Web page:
Quality Improvement

The National Osteoporosis Society works with experts to produce best practice guidance for health professionals. Setting standards is essential for improving quality and making sure people receive the best possible care.

Osteoporosis Standards

NEW: Quality Standards for Osteoporosis and Prevention of Fragility Fractures

Derived from current UK guidance on fracture prevention, these seven standards define high-quality practice right across the fracture prevention pathway. 

They are designed to support health professionals to give the best posible care to adults and help people to understand what care they should receive.  Detailed criteria and measures are included so that staff can evaluate how well their services are working using a range of evidence.

The standards will provide the foundation for Peer Review of osteoporosis services offered by the National Osteoporosis Society.

View Quality Standards

Explaining the Standards to your patients

Download our information sheet for your patients, which explains the Standards in simple, plain language.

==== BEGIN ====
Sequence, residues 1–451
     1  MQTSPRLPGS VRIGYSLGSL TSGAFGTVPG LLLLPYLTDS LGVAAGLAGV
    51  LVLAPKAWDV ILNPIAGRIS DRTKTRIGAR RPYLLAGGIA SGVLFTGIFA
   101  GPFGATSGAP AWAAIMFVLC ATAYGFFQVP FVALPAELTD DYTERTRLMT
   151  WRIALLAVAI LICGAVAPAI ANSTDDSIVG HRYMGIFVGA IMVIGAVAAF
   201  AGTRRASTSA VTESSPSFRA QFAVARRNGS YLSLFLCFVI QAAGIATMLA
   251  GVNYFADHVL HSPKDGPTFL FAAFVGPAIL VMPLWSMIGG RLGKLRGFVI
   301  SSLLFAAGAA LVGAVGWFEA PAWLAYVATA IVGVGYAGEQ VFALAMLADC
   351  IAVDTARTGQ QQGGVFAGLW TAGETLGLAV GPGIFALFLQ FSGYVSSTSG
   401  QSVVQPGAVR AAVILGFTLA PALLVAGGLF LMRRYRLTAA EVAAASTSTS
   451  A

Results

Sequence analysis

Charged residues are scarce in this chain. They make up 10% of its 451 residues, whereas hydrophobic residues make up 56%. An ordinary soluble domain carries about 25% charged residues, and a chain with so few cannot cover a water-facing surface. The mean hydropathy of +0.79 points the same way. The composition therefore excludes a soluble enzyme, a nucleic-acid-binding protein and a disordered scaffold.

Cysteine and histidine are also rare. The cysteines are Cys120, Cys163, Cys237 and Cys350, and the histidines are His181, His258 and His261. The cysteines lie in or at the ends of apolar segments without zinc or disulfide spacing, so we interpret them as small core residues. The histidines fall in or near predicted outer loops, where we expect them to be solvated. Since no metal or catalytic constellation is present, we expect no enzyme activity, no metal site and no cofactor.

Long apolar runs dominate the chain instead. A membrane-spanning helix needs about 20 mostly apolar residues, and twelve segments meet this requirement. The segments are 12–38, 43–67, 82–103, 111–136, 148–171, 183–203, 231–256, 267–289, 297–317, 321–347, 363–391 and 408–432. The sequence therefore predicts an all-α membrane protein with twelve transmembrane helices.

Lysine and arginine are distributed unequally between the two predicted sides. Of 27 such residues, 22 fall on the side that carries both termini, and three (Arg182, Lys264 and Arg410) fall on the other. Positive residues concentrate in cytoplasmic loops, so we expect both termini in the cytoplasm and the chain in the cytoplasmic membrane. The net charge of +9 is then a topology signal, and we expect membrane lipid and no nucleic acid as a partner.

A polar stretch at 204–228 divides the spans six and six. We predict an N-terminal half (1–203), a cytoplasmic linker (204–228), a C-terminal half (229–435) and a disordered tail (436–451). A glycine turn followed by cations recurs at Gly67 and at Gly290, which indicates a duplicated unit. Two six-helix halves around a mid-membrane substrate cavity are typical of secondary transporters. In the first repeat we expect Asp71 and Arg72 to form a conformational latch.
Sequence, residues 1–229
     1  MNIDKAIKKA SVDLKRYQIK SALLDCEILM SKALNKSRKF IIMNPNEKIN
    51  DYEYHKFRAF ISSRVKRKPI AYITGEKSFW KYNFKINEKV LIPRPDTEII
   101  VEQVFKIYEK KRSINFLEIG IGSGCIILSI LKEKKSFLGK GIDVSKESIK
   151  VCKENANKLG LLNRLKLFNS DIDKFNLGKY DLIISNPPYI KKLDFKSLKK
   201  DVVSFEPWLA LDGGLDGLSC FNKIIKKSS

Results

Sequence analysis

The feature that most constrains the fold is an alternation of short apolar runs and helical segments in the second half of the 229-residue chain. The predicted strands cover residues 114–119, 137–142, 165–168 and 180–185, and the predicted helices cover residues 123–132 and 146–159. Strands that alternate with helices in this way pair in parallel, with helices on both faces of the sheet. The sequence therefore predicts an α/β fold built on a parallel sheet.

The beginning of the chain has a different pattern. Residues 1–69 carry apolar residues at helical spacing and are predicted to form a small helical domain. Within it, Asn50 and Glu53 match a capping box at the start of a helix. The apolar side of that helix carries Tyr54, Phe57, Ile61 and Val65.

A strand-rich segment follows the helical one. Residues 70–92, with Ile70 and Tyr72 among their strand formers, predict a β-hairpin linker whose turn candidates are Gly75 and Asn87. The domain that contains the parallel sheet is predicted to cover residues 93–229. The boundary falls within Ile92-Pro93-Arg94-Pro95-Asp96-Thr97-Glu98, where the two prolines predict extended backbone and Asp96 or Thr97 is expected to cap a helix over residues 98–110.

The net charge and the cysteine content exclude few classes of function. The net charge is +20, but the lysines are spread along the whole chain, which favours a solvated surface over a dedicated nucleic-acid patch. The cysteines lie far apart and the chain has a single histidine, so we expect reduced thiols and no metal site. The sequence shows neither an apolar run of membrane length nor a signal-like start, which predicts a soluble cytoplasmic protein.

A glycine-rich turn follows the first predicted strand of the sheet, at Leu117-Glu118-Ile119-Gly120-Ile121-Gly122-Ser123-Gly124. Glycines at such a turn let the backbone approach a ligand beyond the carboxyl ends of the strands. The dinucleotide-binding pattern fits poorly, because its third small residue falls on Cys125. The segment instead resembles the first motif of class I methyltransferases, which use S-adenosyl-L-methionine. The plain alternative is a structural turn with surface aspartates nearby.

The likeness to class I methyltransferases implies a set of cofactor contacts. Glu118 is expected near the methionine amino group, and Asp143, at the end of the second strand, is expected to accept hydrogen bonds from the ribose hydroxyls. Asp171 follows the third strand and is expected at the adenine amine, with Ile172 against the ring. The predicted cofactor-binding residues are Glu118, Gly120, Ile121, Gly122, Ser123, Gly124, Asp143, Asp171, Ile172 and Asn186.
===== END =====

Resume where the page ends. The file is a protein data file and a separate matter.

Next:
Download information sheet

Supported By

  • Bone Research Society
  • British Geriatrics Society
  • British Society for Rheumatology
  • International Osteoporosis Foundation
  • Royal College of Physicians
  • Royal Pharmaceutical Society
  • Royal College of Physicians and Surgeons of Glasgow
  • Society for Endocrinology

Vertebral fractures

NEW: Clinical Guidance for the Effective Identification of Vertebral Fractures

Vertebral fractures are the most common osteoporotic fracture and are the most predictive of subsequent hip fractures. Yet identifying vertebral fractures systematically has proven challenging for all health professionals and currently more than two thirds are undiagnosed.

Reporting clinicians in diagnostic imaging have a significant role to play in changing this situation. Implementation of this guidance will ensure that all vertebral fractures are systematically identified, reported using clear terms and lead to patients receiving the care they need to avoid further fragility fractures.

Get the guidance

Supported By

  • British Society of Skeletal Radiographers
  • International Osteoporosis Foundation
  • Royal College of Radiologists
  • Society & College of Radiographers